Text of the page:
Either way, if this is the case, we may well be doomed. Things will just keep moving forward, technologically. If the whole world wants to scream at everyone 24/7. You either listen and go insane, or shut it out and watch the world crumble around you in insanity.
edit on 23-5-2019 by MisterSpock because: (no reason given)

edit on 23-5-2019 by MisterSpock because: (no reason given)



posted on May, 23 2019 @ 11:06 AM
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a reply to: MisterSpock


We are a social species but I believe nature intended us(our brains) to live in smaller social groups like we have for the majority of existence on earth.


Interesting addition to the conversation.

I think there is definitely something to be said for societies losing their sense and connection of community. If you look at societies that have really weathered the test of time, you're going to find strong traditions and celebration of shared culture, values, and roots.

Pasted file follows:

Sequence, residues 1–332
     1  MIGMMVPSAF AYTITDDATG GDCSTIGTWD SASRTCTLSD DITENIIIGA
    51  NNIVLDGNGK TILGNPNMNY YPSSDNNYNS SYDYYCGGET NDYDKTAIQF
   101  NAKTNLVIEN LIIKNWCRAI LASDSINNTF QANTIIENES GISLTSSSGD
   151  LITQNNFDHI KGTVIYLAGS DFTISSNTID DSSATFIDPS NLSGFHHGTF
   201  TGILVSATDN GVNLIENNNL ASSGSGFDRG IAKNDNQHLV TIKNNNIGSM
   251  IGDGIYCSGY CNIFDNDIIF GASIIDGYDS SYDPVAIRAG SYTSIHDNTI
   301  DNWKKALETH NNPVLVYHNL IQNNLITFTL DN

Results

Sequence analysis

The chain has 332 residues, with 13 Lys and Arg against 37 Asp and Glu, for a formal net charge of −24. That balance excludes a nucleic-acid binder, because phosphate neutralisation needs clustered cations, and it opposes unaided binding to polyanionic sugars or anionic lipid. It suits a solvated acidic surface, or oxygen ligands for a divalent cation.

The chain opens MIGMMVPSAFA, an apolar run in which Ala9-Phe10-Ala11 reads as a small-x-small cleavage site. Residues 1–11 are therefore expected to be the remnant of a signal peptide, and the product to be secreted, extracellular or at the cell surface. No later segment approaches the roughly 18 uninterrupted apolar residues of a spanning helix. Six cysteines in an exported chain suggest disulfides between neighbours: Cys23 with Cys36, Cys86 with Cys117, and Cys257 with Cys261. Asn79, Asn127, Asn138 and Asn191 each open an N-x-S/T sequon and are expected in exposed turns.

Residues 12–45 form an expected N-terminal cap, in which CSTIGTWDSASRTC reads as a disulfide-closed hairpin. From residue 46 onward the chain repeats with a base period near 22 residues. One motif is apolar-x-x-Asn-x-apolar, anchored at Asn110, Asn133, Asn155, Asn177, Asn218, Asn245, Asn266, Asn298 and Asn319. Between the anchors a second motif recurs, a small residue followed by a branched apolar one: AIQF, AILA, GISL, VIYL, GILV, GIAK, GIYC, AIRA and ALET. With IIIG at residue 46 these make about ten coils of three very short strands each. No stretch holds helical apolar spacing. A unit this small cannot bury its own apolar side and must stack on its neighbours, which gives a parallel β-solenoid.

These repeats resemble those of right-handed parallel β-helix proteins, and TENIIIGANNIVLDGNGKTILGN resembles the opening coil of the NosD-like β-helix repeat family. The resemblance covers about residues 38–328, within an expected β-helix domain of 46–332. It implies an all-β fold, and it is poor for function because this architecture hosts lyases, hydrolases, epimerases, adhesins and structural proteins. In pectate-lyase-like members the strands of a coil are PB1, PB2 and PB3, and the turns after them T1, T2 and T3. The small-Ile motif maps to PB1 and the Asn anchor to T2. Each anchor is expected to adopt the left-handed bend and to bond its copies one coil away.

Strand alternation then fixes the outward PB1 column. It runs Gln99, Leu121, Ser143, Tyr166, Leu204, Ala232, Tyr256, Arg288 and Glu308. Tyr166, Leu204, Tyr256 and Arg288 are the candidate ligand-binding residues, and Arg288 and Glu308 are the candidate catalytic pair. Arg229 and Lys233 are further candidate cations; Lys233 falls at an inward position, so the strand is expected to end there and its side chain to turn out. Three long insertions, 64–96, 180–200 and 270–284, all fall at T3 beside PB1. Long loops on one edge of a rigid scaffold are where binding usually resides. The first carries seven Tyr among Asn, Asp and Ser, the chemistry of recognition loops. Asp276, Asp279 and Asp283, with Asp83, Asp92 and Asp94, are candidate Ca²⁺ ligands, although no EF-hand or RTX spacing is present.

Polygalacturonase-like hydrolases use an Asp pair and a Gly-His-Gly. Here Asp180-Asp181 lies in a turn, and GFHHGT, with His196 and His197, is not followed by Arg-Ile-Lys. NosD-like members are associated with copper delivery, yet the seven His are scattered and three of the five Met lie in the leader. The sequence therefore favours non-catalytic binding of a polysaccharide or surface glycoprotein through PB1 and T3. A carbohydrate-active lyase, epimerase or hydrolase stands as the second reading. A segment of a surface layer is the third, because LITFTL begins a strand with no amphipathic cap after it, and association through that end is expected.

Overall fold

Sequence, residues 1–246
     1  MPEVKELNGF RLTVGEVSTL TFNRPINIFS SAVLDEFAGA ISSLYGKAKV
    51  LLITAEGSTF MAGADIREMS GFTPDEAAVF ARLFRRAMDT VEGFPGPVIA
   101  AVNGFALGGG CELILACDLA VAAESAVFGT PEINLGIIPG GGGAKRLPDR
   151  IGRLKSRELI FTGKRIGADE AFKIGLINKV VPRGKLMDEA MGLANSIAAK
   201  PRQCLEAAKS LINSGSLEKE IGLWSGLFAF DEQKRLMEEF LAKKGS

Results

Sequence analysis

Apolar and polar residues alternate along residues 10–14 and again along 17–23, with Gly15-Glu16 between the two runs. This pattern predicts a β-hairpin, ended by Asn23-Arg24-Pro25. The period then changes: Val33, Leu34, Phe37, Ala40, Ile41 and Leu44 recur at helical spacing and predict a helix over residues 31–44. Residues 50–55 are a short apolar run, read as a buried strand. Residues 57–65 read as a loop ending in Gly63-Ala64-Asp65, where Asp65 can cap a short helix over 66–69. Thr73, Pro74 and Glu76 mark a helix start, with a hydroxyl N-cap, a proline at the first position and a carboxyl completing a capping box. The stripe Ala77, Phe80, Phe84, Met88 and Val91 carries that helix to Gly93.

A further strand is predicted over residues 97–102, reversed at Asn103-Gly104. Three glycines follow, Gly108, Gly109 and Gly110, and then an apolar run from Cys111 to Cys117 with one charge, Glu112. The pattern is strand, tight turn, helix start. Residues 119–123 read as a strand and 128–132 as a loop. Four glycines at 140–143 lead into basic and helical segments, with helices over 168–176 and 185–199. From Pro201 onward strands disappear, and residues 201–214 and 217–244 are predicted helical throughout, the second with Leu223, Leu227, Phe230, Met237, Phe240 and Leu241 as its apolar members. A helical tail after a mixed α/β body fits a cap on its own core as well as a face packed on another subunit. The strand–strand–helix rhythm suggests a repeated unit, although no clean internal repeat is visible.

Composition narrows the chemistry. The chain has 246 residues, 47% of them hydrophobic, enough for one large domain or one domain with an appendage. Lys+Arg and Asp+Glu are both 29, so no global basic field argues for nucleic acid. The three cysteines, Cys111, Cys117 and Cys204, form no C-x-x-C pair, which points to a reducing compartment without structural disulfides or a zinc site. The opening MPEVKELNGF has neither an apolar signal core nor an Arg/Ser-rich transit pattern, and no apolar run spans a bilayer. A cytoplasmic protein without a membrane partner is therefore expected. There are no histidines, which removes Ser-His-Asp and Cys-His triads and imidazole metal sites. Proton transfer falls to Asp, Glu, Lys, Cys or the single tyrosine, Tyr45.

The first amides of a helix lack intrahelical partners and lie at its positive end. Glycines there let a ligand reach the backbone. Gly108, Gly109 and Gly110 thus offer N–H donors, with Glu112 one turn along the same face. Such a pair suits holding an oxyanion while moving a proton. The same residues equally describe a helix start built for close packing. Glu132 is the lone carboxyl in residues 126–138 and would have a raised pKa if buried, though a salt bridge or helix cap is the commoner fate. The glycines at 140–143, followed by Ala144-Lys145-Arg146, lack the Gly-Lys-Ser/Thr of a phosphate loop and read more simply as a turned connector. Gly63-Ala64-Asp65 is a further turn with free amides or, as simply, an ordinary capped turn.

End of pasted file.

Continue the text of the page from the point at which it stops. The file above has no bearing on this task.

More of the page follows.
We're seeing that dissolve in many ways, but like others have pointed out, I think the main accelerate is self isolationism people are exhibiting.



posted on May, 23 2019 @ 11:11 AM
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originally posted by: CriticalStinker
a reply to: MisterSpock


We are a social species but I believe nature intended us(our brains) to live in smaller social groups like we have for the majority of existence on earth.


Interesting addition to the conversation.